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Guadalcanal Diary!

Well, actually, more a timeline.

Our fellow long-time Moron ArthurK has been “liveblogging” the Battle of Guadalcanal on twitter.

He’s also covering the great battles of Coral Sea, and presumably Midway.

Follow him at:

@GuadaBattle

And:

@GuadaLive42

Coral Sea and Midway would reverse the tide of the Japanese Navy, making possible the attack through the open Central Pacific.

But the epic struggle of Guadalcanal would be just as critical, opening the drive through the Solomons, and leading the way to the little known, but incredibly important drive through the Southwest Pacific. It was the SWP that held the resources Japan had gone to war for, and it was the drive there that would, in time, cut Japan off from them.

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William S. Lind’s Grim Assessment of the US Officer Corps

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From The American Conservative.   Bill Lind, one of the authors of Fourth Generation Warfare, is often a bit of a scratchy contrarian who is firmly convinced of his own infallibility when it comes to military theory.   Lind has never served in uniform, and often his condescending pontification and admonitions of “You’re doing it all wrong!” to US military thinkers causes his views to be dismissed out of hand.  But Lind is very smart, and often had nuggets of insight that deserve our consideration.  Here are a few from his TAC article:

Even junior officers inhabit a world where they hear only endless, hyperbolic praise of “the world’s greatest military ever.” They feed this swill to each other and expect it from everyone else. If they don’t get it, they become angry. Senior officers’ bubbles, created by vast, sycophantic staffs, rival Xerxes’s court. Woe betide the ignorant courtier who tells the god-king something he doesn’t want to hear.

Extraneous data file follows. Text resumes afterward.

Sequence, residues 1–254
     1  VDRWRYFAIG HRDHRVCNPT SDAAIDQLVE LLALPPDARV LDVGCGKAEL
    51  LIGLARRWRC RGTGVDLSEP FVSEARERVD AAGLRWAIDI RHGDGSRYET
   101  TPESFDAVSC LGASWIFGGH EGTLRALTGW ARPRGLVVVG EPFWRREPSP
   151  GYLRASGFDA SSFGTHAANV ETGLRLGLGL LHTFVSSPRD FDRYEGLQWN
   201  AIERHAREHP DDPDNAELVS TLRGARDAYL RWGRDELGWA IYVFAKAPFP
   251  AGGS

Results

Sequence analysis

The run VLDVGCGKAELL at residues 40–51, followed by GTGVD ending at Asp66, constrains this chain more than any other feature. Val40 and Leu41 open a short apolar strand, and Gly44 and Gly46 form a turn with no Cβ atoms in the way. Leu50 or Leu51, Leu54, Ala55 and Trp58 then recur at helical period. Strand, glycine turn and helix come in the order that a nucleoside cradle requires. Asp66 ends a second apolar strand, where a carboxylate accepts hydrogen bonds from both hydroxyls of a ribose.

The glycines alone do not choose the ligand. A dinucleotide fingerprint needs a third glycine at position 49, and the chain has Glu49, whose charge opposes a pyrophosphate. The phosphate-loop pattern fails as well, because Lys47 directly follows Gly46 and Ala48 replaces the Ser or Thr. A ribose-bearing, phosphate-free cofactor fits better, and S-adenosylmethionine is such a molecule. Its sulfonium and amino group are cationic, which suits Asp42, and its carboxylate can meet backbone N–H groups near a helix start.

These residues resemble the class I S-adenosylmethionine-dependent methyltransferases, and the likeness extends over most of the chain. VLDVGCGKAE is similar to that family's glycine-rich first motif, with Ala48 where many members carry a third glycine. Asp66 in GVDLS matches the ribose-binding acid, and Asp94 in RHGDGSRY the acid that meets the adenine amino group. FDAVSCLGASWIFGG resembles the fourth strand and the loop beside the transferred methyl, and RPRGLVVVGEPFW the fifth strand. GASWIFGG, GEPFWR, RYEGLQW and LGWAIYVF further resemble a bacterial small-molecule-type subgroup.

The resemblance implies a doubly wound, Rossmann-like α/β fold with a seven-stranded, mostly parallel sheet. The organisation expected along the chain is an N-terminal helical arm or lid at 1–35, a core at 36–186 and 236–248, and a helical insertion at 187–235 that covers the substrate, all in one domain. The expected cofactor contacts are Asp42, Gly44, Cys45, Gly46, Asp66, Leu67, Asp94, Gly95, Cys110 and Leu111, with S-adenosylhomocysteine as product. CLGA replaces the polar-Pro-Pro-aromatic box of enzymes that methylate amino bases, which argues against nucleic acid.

And:

What defines a professional—historically there were only three professions, law, medicine, and theology—is that he has read, studied, and knows the literature of his field. The vast majority of our officers read no serious military history or theory.

While my personal experience has been that Marine Officers tend to read and discuss military history, it could be that I gravitate toward those who do.  I will admit that I am chagrined at the numbers of Officers of all services who have seemingly no interest in doing so.

Lind also identifies what he calls “structural failings”:

The first, and possibly the worst, is an officer corps vastly too large for its organization—now augmented by an ant-army of contractors, most of whom are retired officers. A German Panzer division in World War II had about 21 officers in its headquarters. Our division headquarters are cities. Every briefing—and there are many, the American military loves briefings because they convey the illusion of content without offering any—is attended by rank-upon-rank of horse-holders and flower-strewers, all officers.

Command tours are too short to accomplish anything, usually about 18 months, because behind each commander is a long line of fellow officers eagerly awaiting their lick at the ice-cream cone… Decisions are committee-consensus, lowest common denominator, which Boyd warned is usually the worst of all possible alternatives. Nothing can be changed or reformed because of the vast number of players defending their “rice bowls.” The only measurable product is entropy.

The second and third structural failings are related because both work to undermine moral courage and character, which the Prussian army defined as “eagerness to make decisions and take responsibility.” They are the “up or out” promotion system and “all or nothing” vesting for retirement at 20 years. “Up or out” means an officer must constantly curry favor for promotion because if he is not steadily promoted he must leave the service. “All or nothing” says that if “up or out” pushes him out before he has served 20 years, he leaves with no pension. (Most American officers are married with children.)

It is not difficult to see how these… structural failings in the officer corps morally emasculate our officers and all too often turn them, as they rise in rank and near the magic 20 years, into ass-kissing conformists.

I cannot help but notice the truth that rings from much of what Lind asserts.  I have made some of those very same assertions myself on more than a few occasions.  Give the article a read.  What does the gang here think?  Is Lind on target?  If so, how do we fix it?  Can it be fixed?